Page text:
Agave bracteosa ‘Monterrey Frost’
I know those are fighting words, especially depending on where you live and your opinion of winter in general, and I’m not trying to pick a fight. We all miss those long days that stretch luxuriously into a warm twilight then blur into a sultry evening, when all of a sudden it’s 9 p.m. and you haven’t had dinner yet — but if you’re a bunch of plants living in a Los Angeles garden tended by one woman, November is indisputably on your side.
And then there’s this intoxicatingly slanted light that makes my garden look like I’m walking into a Terrence Malick movie every morning.
I’m embarrassed to admit just how much time I’m spending staring at the light this time of year. Usually the first pot of coffee is consumed in this sole pursuit, and sometimes the second pot too.
And all because of this orbital business of the earth tilting on its axis, light once again becomes a friend and not a bully. And you can splurge on salvias as winter annuals, because unlike in summer the flowers open slow and last and last. (Salvia chamaedryoides x ‘Marine Blue’)
The plants and I can finally relax.
Okay, so Thanksgiving was over 90 degrees, but we know that’s a short-term anomaly that won’t stretch on interminably for months and months. We can deal.
We can deal because we are closer than ever to the rainy season, however meager it may be.
Sure, the days are shorter, but when the sun isn’t making you cry uncle anymore you find yourself immersed in those timeless moments like staring into and pondering the heart of natural mysteries.
And then there are the winter-blooming aloes stirring, like Aloe cameronii.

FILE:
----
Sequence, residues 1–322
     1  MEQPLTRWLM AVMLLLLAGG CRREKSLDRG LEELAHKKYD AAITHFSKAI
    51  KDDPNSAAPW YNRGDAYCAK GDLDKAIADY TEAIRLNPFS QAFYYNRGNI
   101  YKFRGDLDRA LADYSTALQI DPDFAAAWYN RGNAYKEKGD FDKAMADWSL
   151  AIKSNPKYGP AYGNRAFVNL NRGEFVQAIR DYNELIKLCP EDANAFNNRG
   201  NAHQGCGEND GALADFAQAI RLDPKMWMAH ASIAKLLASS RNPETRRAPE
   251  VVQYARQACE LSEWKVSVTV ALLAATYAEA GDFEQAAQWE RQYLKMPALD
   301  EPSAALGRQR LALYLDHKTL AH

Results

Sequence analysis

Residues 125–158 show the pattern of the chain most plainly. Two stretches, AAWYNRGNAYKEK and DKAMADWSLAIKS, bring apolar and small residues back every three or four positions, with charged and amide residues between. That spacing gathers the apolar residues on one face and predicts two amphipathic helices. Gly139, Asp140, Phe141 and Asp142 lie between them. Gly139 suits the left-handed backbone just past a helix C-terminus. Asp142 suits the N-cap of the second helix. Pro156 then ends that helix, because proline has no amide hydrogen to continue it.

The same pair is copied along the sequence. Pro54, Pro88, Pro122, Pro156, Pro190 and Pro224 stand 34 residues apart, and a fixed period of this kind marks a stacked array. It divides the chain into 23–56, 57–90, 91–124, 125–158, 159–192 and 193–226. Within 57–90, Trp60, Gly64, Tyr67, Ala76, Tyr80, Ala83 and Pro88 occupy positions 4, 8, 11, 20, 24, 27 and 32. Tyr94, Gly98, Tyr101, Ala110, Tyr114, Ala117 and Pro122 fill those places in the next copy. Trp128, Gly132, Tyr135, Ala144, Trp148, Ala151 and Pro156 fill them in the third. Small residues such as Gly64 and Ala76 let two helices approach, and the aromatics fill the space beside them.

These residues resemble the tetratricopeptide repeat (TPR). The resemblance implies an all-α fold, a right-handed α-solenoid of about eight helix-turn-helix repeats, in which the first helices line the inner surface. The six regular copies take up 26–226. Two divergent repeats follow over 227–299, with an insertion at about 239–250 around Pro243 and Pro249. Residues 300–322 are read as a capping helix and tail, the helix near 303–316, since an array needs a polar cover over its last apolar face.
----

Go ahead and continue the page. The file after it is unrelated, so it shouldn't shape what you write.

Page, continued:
Counting aloe buds is a favorite pursuit this time of year. ‘Moonglow’ has two trusses budding up.
Shriveled-up Aeonium balsamiferum relaxes again into plump rosettes.
Succulents are so much happier in the cooler weather, giving positive reinforcement for experimentation and new mashups.
I’m basically inventing stuff to do just to be outside — repot this, move that. Agave ocahui ‘Wavy Gravy’ was beyond ready for a bigger container.
Neglected projects are pursued with a vigor not seen since spring. Rescue the hechtia being swallowed whole by the agaves in the gravel garden? Done.
The long-delayed bird bath project? Done.
And there’s the undeniable appeal of digging and moving heavy stuff around without breaking a sweat.
Young potted plants love this gentle autumn light, as opposed to the scalding glare of summer.
After a season of winter sun, Agave cerulata just might be ready for full sun next summer.
Pelargonium echinatum is done with summer dormancy, brought back to life with a big drink of water.
Agave xylonacantha finally gets a bigger pot.
And because it’s such a joy to be outside, you try all kinds of crazy things with stuff on hand, like inventing new supports for tillandsias, birdbaths, etc.
Just giving props to autumn, because it’s the most fun I’ve had in the garden since spring.